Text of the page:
Yellow Dock: Herbal Remedies

Yellow Dock Preparations and Dosage

Yellow Dock can be very helpful to those with sluggish or problematic digestion issues; however, it can also irrate digestive systems. Care should be taken when using herbal remedies containing yellow dock.

Yellow Dock Preparations and Dosage

Dry the roots for teas or powder and encapsulate them. The roots, and occasionally the leaves, can also be made into tinctures. Some suggestions for preparing yellow dock are below.

Herbal Tea: Drink several cups each day for one to two months to treat anemia.

Tincture: Take 1/4 to 1 teaspoon every two to eight hours for a few days to treat constipation.

Yellow Dock Precautions and Warnings

Yellow dock contains oxalic acid, which can irritate the intestines of some people. Oxalic acid gives dock a tart, sour flavor, and it has a laxative and stimulating effect on the bowels.

Oxalic acid can inflame the kidneys and intestines and should be avoided entirely by those with severe irritable bowel or kidney disease. Those with irritable digestive systems may react to even small amounts of yellow dock.

Yellow dock also contains anthraquinone glycosides, strong laxative agents. Do not use yellow dock regularly for constipation because it can cause laxative dependence.

Do not use if you have diarrhea or a history of gallbladder attacks. Do not use bitter herbs such as yellow dock or dandelion if you have pain, inflammation, or acidity in the digestive tract.

Side Effects of Yellow Dock

Eating several bowls full of dock salad could create gas, cramping, and diarrhea. Some sensitive individual may be bothered by even small amounts of yellow dock, but a mild laxative effect is the only side effect that most people experience.

Those with irritable bowels should use yellow dock cautiously, discontinuing promptly if the bowels become irritated. If yellow dock does not irritate your system, it can be extremely useful when dealing with a slow digestive system.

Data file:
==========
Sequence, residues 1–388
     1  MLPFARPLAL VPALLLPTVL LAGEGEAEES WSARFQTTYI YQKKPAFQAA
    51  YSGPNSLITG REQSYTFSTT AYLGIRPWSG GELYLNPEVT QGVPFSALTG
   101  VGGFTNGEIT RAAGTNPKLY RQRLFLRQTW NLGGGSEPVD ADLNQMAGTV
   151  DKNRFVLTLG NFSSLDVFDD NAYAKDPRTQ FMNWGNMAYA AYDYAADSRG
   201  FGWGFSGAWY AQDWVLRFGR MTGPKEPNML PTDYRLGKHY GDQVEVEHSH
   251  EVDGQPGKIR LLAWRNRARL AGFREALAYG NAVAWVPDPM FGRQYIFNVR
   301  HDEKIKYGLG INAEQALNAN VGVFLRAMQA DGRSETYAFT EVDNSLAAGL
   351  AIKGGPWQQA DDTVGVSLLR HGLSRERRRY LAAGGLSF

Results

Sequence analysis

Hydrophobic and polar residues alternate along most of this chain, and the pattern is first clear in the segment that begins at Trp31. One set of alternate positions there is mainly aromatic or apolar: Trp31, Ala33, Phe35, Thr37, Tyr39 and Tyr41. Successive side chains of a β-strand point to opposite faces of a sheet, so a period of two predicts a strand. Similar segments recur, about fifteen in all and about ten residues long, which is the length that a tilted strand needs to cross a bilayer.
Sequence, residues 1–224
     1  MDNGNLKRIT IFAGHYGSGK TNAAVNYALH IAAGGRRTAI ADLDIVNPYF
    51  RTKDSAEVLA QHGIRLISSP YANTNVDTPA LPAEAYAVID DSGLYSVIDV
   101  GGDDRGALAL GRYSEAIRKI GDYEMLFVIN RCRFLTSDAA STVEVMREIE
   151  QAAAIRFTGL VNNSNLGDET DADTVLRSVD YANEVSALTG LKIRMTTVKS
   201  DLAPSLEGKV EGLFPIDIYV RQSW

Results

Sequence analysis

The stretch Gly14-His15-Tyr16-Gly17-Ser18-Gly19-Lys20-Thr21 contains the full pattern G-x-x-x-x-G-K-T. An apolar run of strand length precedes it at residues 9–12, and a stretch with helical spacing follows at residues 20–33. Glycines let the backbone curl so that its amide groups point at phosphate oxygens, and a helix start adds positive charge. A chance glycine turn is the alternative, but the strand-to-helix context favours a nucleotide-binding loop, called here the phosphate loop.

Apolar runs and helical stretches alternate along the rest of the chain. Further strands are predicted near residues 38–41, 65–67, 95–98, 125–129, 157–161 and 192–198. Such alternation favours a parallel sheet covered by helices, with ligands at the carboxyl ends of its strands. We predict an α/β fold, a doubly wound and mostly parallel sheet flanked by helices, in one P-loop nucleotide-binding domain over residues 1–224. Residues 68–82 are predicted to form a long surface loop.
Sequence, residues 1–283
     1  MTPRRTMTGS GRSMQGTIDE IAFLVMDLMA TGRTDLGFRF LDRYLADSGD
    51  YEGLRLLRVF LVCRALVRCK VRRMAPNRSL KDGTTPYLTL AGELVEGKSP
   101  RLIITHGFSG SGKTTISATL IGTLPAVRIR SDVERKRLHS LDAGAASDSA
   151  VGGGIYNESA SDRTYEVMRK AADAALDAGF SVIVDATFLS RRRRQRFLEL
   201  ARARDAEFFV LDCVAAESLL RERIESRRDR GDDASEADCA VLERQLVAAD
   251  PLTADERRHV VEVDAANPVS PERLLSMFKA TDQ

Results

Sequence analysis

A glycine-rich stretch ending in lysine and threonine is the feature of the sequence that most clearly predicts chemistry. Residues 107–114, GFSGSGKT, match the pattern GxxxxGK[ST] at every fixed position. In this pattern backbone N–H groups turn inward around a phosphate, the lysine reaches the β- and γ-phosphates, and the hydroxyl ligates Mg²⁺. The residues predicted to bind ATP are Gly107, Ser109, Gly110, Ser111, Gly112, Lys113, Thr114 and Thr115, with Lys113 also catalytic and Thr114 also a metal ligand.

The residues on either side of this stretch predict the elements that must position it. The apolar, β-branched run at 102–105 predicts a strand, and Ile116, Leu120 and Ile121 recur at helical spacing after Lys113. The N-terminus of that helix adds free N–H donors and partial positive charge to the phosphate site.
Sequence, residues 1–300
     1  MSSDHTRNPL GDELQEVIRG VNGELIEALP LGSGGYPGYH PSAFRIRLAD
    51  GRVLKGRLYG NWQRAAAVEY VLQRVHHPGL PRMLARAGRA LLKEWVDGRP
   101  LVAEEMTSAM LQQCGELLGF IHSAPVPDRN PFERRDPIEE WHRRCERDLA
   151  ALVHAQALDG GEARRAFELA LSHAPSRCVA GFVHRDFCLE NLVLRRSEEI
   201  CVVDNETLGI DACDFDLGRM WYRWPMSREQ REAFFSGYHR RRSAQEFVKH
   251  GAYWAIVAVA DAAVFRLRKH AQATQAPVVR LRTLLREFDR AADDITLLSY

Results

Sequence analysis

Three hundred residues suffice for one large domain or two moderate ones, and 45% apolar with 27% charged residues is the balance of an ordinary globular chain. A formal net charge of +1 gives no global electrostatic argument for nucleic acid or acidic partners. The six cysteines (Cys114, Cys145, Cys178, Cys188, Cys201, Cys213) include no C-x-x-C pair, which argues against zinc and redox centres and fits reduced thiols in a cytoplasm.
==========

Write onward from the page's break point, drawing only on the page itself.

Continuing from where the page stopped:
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Jennifer Brett, N.D. is director of the Acupuncture Institute for the University of Bridgeport, where she also serves on the faculty for the College of Naturopathic Medicine. A recognized leader in her field with an extensive background in treating a wide variety of disorders utilizing nutritional and botanical remedies, Dr. Brett has appeared on WABC TV (NYC) and on Good Morning America to discuss utilizing herbs for health.This information is solely for informational purposes. IT IS NOT INTENDED TO PROVIDE MEDICAL ADVICE. Neither the Editors of Consumer Guide (R), Publications International, Ltd., the author nor publisher take responsibility for any possible consequences from any treatment, procedure, exercise, dietary modification, action or application of medication which results from reading or following the information contained in this information. The publication of this information does not constitute the practice of medicine, and this information does not replace the advice of your physician or other health care provider. Before undertaking any course of treatment, the reader must seek the advice of their physician or other health care provider.Before engaging in any complementary medical technique, including the use of natural or herbal remedies, you should be aware that many of these techniques have not been evaluated in scientific studies.   Use of these remedies in connection with over the counter or prescription medications can cause severe adverse reactions. Often, only limited information is available about their safety and effectiveness. Each state and each discipline has its own rules about whether practitioners are required to be professionally licensed. If you plan to visit a practitioner, it is recommended that you choose one who is licensed by a recognized national organization and who abides by the organization's standards. It is always best to speak with your primary health care provider before starting any new therapeutic technique.